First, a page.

Objective: To assess the proportion of registered surgical trials with results published in journals with high-impact factors; compare the primary outcomes specified in trial registries with those reported in the published papers; and determine whether primary outcome-reporting bias favored significant outcomes.
Background: Outcome-reporting bias, that is, the selective reporting of a subset of the original registered outcome measures based on their results, has not yet been studied specifically for surgical trials.
Methods: We searched PubMed for reports of surgical randomized controlled trials (RCTs) indexed between 2007 and 2012 in 10 general medical journals and 10 surgical journals with the highest impact factors. For each article included, we obtained the trial registration information using a standardized data extraction form.
Results: Of the 327 evaluated surgical trials, registration was lacking for 109 (33%) published papers. Two (2%) of these papers were published in general medical journals and 107 (98%) in surgical journals. Twelve (6%) of the trials were still recruiting patients, and 48 (22%) were registered after completion of the study. A total of 152 trials were registered before the end of the trial with the primary outcome clearly specified. Among these papers, 49% (75 of 152) showed some evidence of discrepancies between outcomes registered and the outcomes published, most often related to omitting or introducing a primary outcome. These discrepancies favored statistically significant results in 28% of the papers.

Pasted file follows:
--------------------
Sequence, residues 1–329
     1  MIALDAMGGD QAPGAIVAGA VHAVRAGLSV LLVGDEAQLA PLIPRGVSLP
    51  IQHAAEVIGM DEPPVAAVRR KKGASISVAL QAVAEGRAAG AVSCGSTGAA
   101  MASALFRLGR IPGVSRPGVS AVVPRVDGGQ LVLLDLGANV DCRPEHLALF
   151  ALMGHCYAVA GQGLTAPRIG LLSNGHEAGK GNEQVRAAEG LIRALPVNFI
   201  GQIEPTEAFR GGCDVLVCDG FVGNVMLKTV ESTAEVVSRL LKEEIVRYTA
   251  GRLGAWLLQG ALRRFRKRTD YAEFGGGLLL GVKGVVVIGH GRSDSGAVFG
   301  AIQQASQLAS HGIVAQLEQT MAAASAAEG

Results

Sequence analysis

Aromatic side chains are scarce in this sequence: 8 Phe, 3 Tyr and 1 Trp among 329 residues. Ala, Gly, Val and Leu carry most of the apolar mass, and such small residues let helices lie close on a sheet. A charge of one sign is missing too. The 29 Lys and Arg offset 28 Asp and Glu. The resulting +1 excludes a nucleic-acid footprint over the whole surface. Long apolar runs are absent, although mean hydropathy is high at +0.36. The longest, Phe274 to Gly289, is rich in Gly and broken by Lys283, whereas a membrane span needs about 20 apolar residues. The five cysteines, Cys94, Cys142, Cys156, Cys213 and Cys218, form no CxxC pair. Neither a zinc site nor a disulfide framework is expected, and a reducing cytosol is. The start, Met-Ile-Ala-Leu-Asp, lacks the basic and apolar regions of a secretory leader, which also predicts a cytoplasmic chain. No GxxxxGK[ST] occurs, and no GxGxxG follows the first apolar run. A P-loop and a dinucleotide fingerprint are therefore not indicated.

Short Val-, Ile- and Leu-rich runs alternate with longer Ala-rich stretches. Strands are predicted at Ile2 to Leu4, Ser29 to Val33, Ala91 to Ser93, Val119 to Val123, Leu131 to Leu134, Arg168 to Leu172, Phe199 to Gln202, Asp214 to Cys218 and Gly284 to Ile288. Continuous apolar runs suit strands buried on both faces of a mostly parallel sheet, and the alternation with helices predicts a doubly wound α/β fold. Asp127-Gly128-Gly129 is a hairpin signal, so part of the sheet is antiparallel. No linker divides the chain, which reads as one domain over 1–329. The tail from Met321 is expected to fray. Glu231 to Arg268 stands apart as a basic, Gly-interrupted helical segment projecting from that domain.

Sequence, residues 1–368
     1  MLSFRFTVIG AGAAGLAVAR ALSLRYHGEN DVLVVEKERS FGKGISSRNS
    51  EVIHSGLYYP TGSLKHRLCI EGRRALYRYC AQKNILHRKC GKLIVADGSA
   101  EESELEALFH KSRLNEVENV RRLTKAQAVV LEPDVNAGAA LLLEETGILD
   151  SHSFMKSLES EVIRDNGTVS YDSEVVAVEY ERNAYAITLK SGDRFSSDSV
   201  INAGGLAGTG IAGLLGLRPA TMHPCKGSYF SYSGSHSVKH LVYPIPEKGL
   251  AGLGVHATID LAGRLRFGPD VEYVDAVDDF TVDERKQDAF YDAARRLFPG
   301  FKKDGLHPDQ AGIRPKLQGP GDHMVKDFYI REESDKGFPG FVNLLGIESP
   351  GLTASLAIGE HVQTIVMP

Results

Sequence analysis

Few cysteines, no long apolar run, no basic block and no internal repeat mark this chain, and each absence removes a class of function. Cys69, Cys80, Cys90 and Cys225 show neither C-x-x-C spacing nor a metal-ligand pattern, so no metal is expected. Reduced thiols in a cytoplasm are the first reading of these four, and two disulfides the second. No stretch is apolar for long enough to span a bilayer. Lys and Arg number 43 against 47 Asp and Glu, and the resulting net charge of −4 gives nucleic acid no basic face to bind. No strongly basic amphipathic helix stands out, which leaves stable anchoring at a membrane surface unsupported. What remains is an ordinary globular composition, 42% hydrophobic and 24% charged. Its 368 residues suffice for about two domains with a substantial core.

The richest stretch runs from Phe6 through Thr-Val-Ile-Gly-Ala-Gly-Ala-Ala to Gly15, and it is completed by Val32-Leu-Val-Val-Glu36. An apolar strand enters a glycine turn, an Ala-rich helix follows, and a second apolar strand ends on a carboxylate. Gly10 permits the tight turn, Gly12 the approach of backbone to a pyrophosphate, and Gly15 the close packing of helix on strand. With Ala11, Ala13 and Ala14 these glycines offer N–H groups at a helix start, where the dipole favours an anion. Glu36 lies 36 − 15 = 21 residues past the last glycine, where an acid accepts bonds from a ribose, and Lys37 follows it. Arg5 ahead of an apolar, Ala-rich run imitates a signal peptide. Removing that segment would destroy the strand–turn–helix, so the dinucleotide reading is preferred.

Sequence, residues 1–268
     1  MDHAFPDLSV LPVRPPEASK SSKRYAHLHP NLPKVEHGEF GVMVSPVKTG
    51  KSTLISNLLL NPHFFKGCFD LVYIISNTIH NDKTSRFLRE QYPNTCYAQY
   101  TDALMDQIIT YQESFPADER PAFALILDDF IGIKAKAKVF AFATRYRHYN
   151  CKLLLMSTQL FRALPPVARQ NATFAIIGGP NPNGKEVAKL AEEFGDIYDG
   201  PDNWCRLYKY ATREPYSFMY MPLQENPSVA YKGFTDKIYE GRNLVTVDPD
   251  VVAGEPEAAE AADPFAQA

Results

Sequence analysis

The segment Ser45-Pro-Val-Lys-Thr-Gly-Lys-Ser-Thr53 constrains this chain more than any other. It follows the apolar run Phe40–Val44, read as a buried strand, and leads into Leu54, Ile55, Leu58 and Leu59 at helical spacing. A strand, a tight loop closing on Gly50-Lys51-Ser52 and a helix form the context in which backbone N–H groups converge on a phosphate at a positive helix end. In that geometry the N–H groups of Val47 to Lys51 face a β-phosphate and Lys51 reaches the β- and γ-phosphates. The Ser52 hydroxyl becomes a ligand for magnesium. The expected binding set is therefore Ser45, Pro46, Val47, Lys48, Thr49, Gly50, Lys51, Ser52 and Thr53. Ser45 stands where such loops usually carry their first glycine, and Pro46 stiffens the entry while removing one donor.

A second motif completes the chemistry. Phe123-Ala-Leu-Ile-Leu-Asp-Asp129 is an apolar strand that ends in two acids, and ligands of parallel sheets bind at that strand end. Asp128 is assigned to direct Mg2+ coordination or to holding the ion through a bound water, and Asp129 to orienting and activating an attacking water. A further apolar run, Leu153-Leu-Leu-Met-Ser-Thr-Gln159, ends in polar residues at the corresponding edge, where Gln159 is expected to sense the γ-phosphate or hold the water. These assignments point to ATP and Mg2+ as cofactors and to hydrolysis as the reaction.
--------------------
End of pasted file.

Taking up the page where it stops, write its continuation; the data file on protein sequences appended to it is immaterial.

Conclusions: The quality of registration of surgical trials published in surgical journals was inferior to those published in general medical journals. Comparison of the primary outcomes of surgical RCTs registered with their subsequent publication indicated that selective outcome reporting is prevalent and appears to be higher than in general medical trials.